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Remembering World War II

Berlin's Greatest Generation Vets

George Ramsey, his bronze star, and his purple heart. (Photo by Erik Eisele) (click for larger version)
May 20, 2009
Berlin and the surrounding area sent nearly 3,000 men and 52 women to serve in the armed forces during the Second World War. Seventy-three died while serving. In recognition of Memorial Day, the Reporter is bringing you stories from two of those men. Also in honor of Memorial Day, the Reporter is reprinting several articles from 65 years ago. They are from the May 18, 1944, Berlin Reporter, when the country was in the midst of the war. Special thanks to the Berlin & Cos County Historical Society for their help in the research for this project.

Italy, 1943 to 1945

Adeline Ramsey put it best. "He was lucky to come back," she said, "a lot of them didn't come back."

George Ramsey didn't choose to become a soldier; he was drafted. He reported for service on April 6, 1943. Sixty-six Memorial Days later he retold his story.

"There's a lot of things I forget today," he said, "but there's a lot of things I don't forget."

Like Jacksonville, Fla. Mr. Ramsey reported to Jacksonville for basic training, the furthest he'd ever been from Berlin. Then he was sent to Little Rock, Ark., for more training, but 10 days after arriving in Little Rock he was told he would be assigned to foreign duty. He was shipped out several days later.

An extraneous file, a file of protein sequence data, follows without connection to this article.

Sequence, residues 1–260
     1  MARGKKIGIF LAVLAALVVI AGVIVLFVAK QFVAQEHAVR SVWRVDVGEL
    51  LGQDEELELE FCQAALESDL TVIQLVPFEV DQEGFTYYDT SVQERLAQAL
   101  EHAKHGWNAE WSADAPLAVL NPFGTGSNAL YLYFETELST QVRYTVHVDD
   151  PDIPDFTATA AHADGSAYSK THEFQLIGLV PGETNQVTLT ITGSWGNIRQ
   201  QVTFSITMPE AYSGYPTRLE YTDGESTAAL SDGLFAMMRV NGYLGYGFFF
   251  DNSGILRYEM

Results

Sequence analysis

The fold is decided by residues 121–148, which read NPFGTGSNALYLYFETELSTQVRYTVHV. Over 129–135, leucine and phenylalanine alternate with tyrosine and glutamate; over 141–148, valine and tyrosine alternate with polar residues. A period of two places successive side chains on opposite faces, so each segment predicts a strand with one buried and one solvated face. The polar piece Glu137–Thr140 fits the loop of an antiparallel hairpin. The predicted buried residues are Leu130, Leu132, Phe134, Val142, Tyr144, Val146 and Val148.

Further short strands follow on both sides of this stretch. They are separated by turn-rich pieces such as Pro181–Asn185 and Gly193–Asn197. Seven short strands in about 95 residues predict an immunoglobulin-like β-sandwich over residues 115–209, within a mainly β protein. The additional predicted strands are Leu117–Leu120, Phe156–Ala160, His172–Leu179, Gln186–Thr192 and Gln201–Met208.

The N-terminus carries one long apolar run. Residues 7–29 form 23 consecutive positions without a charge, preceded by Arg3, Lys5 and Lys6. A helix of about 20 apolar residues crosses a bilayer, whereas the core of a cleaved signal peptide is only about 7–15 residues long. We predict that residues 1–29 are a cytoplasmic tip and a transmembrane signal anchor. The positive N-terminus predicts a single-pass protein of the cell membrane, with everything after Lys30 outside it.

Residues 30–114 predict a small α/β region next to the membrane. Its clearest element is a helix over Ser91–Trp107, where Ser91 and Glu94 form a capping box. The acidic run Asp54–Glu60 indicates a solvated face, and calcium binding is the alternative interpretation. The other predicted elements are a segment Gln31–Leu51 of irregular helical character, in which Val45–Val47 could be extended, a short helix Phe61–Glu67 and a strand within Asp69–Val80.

"It was 21 days before we saw land," he said.

The Rock of Gibraltar marked his entrance to the Mediterranean Sea. The first stop was North Africa, where the ships crowded the harbor, too numerous to dock. Rather than float in the harbor, the captain sailed back out to sea.

The Germans bombed the harbor that night.

"It was just like the forth of July," he said, watching the explosions in the harbor from eight miles out.

The next day they were able to dock and unload. It was Mr. Ramsey's first steps on foreign soil, and it was his 19th birthday.

"I was there two, three days and I got malaria," he said. He was flown to a hospital in Naples, Italy, where he shared space with mostly British soldiers.

After he recovered Mr. Ramsey joined the 34th Division, 5th Army, or "the Red Bull," as they were known. And he went around Italy, from hill to hill.